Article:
Farming was practiced by the Indians who lived here and was brought with the white settlers who had to raise food to eat. There was a time when even in downtown Honesdale, the outbuilding in back was not the garage but where the family kept the cow. Central Park, which once had a fence around it, was used by the community to let their family cows graze. An early ordinance passed after Honesdale was made a borough in 1831 provided fines for allowing swine, sheep, cows or horses to run at large, and decreed that livestock should not be led along the sidewalks. Barns, stables, hog stys and privies were finally made to be no closer than 20 feet to a Honesdale street.

Recalling the drovers

An early farm occupation was the “drover,” who led cattle and other livestock down the road to city markets, long before the days of the cattle trucks and refrigerated trains bearing meat. In the early 1800’s, every few months the drovers and their helpers were seen in Wayne County, snapping whips and watching not to lose their wallets stuffed with cash. Local farmers relied on the drovers to help them make it through financially. An exciting sight, the drovers would lead the cattle, sheep, pigs and fowl beginning in New York State and added to the procession as they went. Hundreds of animals paraded down Main Street, Honesdale, blocking the entire dirt street. Others went down the old North-South Turnpike (Routes 296, 196 today) through Waymart and Hamlin on the way to Easton and Philadelphia. The Milford-Owego Turnpike (State Route 2003 in Wayne County, today) carried a toll of 25 cents for every 20 cattle or 40 sheep or hogs, 6 and 1/4 cents for a horse or two oxen.

Reaching New York City, the animals were hurried through the city streets to the slaughterhouses. Three or four men were desired to manage a drove of cattle strung out a mile or more in length. Two men and a dog could handle hundreds of sheep. Pigs were a nuisance, straying into corn fields. The thousands of noisy turkeys were a particularly amusing sight for children and others who watched the animals go by. A man with a bag of corn threw kernels down in front, and the turkeys followed. At night, the turkeys would head for the nearest fence, tree or any available roosting place to sleep till sunrise. Fox and other predators were known to attack, but other barnyard fowl were known to abandon their keeper and joined their feathered comrades during the march. Jake Ames of Wayne County drove a flock of sheep numbering over 2,000.  Hostelries and inns did good business along the way.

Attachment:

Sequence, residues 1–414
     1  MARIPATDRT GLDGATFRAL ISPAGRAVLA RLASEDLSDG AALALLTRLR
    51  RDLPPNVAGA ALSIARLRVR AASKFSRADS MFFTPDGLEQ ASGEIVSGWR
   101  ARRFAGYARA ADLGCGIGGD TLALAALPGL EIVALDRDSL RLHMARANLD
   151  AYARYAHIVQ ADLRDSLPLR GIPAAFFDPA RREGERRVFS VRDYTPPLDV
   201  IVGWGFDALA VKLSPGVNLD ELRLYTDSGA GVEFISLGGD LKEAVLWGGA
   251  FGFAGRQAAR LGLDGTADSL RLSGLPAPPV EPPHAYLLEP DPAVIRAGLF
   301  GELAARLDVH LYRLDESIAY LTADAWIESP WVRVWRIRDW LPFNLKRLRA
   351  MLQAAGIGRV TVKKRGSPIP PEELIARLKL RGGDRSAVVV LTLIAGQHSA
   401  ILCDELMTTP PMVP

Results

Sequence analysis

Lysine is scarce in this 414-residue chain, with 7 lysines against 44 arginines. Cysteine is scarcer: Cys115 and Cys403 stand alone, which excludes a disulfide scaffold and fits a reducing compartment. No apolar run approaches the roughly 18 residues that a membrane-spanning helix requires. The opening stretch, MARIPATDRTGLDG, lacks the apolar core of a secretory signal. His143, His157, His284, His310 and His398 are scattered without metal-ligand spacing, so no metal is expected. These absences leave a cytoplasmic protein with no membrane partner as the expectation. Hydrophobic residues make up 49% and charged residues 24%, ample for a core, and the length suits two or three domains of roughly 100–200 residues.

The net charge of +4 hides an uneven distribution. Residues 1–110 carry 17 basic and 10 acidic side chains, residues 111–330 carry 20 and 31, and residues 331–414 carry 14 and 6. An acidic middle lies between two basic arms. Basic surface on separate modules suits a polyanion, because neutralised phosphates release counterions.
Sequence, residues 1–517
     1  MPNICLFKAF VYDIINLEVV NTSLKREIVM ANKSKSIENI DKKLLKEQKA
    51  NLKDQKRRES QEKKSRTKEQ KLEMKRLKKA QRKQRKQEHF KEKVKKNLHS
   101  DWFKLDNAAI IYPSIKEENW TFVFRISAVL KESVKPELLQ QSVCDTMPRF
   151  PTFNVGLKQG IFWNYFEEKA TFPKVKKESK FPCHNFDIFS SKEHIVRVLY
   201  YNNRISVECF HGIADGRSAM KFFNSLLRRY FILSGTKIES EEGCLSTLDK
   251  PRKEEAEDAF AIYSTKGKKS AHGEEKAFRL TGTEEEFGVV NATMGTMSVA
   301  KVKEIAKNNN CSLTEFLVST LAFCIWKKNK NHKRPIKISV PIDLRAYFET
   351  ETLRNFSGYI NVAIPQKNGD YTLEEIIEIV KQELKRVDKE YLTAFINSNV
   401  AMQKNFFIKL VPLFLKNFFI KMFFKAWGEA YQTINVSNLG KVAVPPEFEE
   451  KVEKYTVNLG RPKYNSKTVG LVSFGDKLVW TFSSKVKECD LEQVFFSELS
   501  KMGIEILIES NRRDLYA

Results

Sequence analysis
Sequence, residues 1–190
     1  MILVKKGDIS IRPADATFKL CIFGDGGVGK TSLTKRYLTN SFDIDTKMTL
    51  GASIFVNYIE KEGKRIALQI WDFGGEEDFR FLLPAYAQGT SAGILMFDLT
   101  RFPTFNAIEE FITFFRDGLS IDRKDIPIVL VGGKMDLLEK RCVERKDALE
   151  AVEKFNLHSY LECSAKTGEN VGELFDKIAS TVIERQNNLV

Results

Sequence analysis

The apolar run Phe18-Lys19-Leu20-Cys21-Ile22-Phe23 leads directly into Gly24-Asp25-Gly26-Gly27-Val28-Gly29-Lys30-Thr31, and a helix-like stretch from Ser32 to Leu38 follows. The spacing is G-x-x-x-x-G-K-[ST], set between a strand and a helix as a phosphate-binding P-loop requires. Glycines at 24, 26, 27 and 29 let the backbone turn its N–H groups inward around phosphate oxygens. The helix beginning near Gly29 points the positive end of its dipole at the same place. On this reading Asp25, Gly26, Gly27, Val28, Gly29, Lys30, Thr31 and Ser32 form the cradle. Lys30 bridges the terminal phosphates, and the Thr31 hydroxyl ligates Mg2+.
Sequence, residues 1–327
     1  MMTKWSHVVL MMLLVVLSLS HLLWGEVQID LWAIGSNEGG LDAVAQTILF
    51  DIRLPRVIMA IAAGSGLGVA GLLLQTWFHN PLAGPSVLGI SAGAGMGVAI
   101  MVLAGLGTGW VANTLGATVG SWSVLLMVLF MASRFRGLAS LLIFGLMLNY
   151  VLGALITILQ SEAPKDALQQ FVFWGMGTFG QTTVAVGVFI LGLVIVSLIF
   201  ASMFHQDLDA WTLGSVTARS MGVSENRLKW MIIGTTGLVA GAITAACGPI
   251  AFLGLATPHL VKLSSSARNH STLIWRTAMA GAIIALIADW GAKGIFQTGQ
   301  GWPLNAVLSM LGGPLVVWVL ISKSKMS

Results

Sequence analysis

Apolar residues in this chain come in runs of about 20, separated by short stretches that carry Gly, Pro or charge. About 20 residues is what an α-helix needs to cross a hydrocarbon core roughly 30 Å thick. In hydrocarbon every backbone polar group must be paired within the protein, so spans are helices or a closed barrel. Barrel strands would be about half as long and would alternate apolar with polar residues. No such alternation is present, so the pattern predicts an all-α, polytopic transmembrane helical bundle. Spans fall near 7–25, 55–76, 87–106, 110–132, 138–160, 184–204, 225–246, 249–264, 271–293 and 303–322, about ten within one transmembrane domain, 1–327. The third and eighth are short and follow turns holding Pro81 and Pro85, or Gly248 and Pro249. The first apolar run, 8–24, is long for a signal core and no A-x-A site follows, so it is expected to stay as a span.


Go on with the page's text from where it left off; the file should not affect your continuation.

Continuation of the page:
Prior to mechanization, Wayne County farmers of the mid-19th Century still flourished, with farm hands moving through the hay fields with flails, moving in rhythm. They raised sheep, cattle, oats and buckwheat. Without the benefit of machine, they grew corn, barley, peas, beans, potatoes, sweet potatoes, garden vegetables, fruit and clover seed. They produced butter, maple sugar, molasses, honey and beeswax. Neighbors joined skills to help erect a church fence, rebuild a barn lost to fire, move a house or hold a wood-chopping bee.

As the men raised cattle, the women skimmed the milk, worked the butter and churned the cream, all by hand. Children helped from everything from milking to feeding to driving the hay rake to going on the wagon to Honesdale or Hawley to sell or trade their produce.

Weather preserves helped a farm family get through winter, but some of the awful blizzards in Wayne’s histo-...